I have had a few problems with registering/logging in with the website so haven’t really used it but if they can sort these issues out I think it will be a good resource.

City of Kalgoorlie-Boulder Path Report Form

Screen shot 2011 04 23 at 5 48 25 PM

This form is for reporting path hazards but I assume road ones can be reported as well. It is only for the City of Kalgoorlie-Boulder.

Snap Send Solve –iPhone and Android Application

Snap Send Solve is a neat app for the iPhone and Android that allows you to record the details of a hazard on the spot, take a photo and report it to the relevant Council. However it does take way more time than the 30 seconds claimed by the designers. Why do they feel the need to promote such inaccurate claims? It would be much better if they focused on developing this okay app into a brilliant one in my view.

The idea with Snap Send Solve is that you can send an email from your iPhone directly to the relevant Council along with a map showing the location of the incident, a photo and other relevant details which you input.

The way it works is that you fire up the app on your iPhone (there goes most of the 30 seconds) and once it gets past the flash screen you come to the Add New Report screen where you hit start. On this screen is details of your previous reports as well.

A report consists of:

  • Incident type – Snap Send Solve has 14 incident types but does not have one for the biggest problem for cyclists; broken glass. The next best option is Street Cleaning.
  • Notes – you can add free form notes if you so wish.
  • Address – Snap Send Solve should do a reasonable job locating you using the iPhone’s GPSr. My experience is not that great here. It does however let you enter an address manually if the GPSr cannot locate you properly. For me it always defaults to Victoria even though I live in Western Australia which is odd and frustrating.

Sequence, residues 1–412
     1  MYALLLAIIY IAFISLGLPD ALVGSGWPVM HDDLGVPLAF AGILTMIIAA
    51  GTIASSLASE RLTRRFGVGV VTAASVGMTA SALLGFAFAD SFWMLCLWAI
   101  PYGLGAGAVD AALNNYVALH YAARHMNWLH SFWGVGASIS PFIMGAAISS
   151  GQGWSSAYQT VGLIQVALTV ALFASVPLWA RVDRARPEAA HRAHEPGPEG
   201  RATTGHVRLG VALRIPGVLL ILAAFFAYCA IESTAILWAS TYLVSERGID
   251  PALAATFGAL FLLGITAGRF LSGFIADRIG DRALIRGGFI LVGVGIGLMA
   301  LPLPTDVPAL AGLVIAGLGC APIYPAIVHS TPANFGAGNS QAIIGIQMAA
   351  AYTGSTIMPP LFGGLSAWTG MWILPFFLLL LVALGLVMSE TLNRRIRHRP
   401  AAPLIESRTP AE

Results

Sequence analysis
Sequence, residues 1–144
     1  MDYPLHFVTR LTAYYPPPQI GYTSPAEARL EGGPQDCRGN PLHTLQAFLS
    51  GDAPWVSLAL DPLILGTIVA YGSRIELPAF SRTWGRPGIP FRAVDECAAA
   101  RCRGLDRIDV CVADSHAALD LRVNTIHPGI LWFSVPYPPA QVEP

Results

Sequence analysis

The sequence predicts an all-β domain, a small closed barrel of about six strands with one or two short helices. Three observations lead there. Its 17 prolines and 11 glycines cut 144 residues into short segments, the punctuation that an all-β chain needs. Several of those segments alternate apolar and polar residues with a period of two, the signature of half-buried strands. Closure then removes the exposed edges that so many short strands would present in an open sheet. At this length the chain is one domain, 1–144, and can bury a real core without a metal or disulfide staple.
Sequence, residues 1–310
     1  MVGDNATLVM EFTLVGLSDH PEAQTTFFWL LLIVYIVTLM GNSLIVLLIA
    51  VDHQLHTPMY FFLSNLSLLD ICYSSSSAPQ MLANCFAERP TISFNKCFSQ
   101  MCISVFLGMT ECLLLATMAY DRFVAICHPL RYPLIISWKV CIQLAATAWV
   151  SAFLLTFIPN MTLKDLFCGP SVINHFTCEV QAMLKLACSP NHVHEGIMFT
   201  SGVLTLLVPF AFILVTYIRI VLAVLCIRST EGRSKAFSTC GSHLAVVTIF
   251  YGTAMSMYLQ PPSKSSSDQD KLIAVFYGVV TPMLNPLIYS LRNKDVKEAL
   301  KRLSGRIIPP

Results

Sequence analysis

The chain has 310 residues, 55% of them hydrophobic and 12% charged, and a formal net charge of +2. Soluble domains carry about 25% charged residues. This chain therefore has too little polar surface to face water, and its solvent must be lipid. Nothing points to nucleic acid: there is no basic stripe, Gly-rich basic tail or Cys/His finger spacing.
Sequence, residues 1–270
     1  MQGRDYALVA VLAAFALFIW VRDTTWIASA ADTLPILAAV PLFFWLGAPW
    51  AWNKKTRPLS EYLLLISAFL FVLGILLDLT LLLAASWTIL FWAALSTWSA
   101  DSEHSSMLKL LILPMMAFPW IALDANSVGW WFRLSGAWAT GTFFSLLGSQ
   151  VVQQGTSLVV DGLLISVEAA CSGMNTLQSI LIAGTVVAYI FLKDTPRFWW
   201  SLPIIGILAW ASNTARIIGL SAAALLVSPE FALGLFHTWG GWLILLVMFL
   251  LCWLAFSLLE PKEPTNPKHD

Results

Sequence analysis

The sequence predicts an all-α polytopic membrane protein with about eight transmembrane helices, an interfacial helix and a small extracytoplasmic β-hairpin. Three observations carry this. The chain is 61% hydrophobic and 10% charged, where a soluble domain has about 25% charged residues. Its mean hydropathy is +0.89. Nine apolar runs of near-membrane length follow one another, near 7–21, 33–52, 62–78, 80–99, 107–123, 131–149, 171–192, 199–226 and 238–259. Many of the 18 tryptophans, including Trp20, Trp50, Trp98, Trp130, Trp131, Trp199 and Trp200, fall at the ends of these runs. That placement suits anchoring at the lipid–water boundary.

• Take photo or select photo – You can take a photo of the hazard or select one already on the phone.  The photo is added to the email to the Council.
  • Send. The app determines the appropriate Council based on the hazard address and sends them a email with the report.

You also have the option to save a report and send it later.

Whilst I like the idea of doing it all from the side of the road I do have some niggles with this application:

  1. The incident types are not that relevant to cyclists and do seem to have some odd options in there, e.g., Animals.  It would be good if broken glass is an option and if you can added your own incident types if you experience regular issues;
  2. Address feature – should at least default to your state;
  3. A copy of the report to your own email address would be handy;
  4. Does not allow for overriding of the reporting Council which is an issue here in Western Australia as the State Government Department, Main Roads, is responsible for some bicycle dual use paths;
  5. Reports cannot be deleted;
  6. No sharing of reports on Twitter etc;

On the positive side it allows for reporting on the ground, it allows for a photo to be easily added to the report and it allows for the flag in the map to be moved to be a more accurate indicator of the hazard location and least but not last it is free.

All up a good, but not brilliant app for smartphone users.

 

NeatStreets – iPhone, Android and Blackberry Application

Neatstreets

NeatStreets is another player in the smartphone market that allows you to report numeros types of hazards on spot. A report with NeatStreets includes the text of the issue, photo and Google map. All of which is sent off to the relevant authority.  Because the process is “human” at the NeatStreets end the report can be redirected to the likes of Main Roads WA when it is their issue, rather than just the local council as per Snap Send Solve.

A report consists of:

  • Category – NeatStreet has 14 category types plus some categories  have sub-categories allowing you to be more specific with the category type.
  • Description – This is where you can free form notes including advice as to the appropriate reporting authority for example.
  • Address – NeatStreet should do a reasonable job locating you using your phone’s GPSr however you can easily edit  the location by scrolling the map. My experience is that it not that great but the scrolling option makes it quick and easy to get it right.
  • Take photo  – You can take a photo of the hazard. There is no option to select a photo. The photo is included in your report.